After Global Tel-Link received the contract for L.A. jail pay phones from Pacific Bell in 2008 without any competition, county officials decided they could probably cut a better deal in the future by seeking bids from others. The bidding process began in late 2009.
The winning bidder was an L.A. company called Public Communications Services, which said it would charge $1.25 for the first minute of a jail pay phone call plus 15 cents for each additional minute.
It also pledged to pay a minimum of $15 million a year to the Sheriff’s Department plus 67.5% of any revenue surpassing that amount.
Global Tel-Link seems to have understood that its lucrative lock on jail pay phone services was in danger. Three months after the bidding closed in August 2010, Global Tel-Link purchased Public Communications Services for an undisclosed sum.
A new contract with Global Tel-Link, featuring the lower rates offered by Public Communications Services, was approved by county supervisors in September 2011.
I reached out to Global Tel-Link to discuss its pay phone rates at L.A. jails. Steve Montanaro, the company’s vice president of sales and marketing, instructed me to put all my questions in an email.
I subsequently received a reply from Global Tel-Link’s complaint department saying that, for privacy reasons, it couldn’t discuss Iannone’s case. It ignored all my other questions about fees, refunds and the acquisition of Public Communications Services.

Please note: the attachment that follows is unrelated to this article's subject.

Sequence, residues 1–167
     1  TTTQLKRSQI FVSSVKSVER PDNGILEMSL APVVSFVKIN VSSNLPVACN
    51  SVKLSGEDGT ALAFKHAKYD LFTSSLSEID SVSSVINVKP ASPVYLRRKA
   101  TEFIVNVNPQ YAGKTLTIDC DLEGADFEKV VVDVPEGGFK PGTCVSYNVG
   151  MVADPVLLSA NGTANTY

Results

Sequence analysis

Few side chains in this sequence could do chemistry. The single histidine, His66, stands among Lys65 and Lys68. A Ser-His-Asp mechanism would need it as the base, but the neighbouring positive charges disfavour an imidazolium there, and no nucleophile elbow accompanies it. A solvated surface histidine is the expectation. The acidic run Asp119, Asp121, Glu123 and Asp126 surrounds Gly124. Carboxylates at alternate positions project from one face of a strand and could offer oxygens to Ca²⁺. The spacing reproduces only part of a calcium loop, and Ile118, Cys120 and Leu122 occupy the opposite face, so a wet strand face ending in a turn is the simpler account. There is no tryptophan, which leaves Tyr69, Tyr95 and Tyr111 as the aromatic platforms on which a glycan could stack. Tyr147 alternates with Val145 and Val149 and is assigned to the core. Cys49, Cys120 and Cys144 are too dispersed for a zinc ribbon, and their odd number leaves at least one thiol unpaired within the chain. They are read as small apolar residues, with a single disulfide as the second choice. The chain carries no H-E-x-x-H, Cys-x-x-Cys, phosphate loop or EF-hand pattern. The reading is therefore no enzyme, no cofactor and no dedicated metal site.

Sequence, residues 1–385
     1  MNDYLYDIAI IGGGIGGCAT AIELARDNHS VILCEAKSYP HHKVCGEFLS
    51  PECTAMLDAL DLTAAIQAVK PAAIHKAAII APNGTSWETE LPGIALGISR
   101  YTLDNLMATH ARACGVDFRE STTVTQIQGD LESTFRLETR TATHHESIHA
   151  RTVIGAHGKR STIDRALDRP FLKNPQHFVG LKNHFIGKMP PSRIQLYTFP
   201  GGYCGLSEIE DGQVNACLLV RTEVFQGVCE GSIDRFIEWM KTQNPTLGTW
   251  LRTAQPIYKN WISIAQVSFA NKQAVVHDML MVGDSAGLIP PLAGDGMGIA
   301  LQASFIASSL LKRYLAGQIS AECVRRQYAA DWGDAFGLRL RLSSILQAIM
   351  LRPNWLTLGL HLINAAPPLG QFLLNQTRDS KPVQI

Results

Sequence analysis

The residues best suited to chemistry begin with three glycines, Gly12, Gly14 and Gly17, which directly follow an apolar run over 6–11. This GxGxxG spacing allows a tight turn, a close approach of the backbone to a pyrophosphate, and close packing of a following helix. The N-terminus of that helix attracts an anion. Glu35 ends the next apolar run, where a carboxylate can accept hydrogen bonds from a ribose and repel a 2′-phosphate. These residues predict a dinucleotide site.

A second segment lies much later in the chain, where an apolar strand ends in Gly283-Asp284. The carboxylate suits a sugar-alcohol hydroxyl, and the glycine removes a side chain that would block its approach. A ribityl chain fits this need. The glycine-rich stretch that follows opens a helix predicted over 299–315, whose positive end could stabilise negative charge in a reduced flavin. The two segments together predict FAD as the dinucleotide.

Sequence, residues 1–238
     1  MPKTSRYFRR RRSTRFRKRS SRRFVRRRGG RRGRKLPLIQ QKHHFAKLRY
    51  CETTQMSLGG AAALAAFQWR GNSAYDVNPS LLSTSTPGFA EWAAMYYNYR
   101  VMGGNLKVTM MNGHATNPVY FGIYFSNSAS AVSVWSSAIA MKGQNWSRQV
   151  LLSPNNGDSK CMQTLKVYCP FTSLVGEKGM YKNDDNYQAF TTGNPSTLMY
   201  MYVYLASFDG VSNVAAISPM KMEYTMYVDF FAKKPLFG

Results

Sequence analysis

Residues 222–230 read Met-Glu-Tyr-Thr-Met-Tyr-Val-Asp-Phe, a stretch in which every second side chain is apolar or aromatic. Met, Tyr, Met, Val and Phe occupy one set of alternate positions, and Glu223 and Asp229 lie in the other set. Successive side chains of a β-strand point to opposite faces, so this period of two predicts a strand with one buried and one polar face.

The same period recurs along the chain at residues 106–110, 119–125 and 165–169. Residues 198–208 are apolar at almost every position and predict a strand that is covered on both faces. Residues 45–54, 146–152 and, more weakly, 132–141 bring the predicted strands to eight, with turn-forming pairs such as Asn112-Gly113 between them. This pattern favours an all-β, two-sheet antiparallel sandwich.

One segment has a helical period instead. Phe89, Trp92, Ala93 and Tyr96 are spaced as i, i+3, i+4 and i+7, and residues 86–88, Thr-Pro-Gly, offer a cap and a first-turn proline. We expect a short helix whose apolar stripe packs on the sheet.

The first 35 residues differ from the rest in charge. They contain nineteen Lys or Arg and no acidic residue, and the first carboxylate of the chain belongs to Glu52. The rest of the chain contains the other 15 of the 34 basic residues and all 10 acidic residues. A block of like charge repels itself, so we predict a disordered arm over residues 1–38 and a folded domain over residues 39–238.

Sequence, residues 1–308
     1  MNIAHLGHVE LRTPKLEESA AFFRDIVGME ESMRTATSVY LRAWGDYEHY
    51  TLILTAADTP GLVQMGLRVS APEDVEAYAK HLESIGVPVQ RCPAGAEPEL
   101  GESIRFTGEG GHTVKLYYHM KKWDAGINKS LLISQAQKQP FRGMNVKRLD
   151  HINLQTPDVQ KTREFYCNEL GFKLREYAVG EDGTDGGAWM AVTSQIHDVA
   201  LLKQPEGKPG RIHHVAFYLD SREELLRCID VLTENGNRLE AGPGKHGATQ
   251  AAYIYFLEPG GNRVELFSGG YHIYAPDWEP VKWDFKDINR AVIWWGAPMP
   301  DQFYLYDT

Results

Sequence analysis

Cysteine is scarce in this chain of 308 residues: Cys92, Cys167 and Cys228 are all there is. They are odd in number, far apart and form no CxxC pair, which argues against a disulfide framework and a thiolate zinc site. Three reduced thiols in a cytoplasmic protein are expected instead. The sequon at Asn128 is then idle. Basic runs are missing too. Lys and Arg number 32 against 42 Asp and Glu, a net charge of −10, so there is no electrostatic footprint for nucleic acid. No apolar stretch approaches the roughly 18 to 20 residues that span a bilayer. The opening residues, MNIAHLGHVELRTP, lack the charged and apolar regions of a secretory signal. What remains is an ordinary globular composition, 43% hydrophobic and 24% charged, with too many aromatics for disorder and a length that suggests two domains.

I received no response to a followup email.
Dalton said all proceeds from the pay phone contract go the Sheriff Department’s Inmate Welfare Fund, which provides education programs for detainees and money for upkeep of jail facilities.
“If we didn’t have those dollars, we wouldn’t be able to provide life skills and other resources,” she said.
From a budgetary perspective, the pay phone charges thus play a positive role for detainees. Without the influx of funds, Dalton said, the county would need to find another way to pay for inmate welfare — or go without such programs.
However, this raises the possibility of a conflict of interest. In its efforts to maintain revenue from jail pay phones, the county may not be as aggressive as possible in reducing costs for inmate families.
Dalton acknowledged that some could see the situation that way. “It’s a conversation that comes up a lot,” she said.
Seems to me that L.A. County isn’t flexing enough of its bureaucratic muscle. We have the largest jail system in the nation. The pay phone concession for roughly 19,000 detainees has to be a desirable gig for any company in this line of work.
I’m not saying we need to go easier on inmates. But we could certainly do a better job of protecting their families from rip-offs. That $1.25 first-minute fee and $5 refund charge seem like particularly ripe targets.
Global Tel-Link’s current contract is up in 2020. That gives officials plenty of time to cook up a tougher negotiating strategy.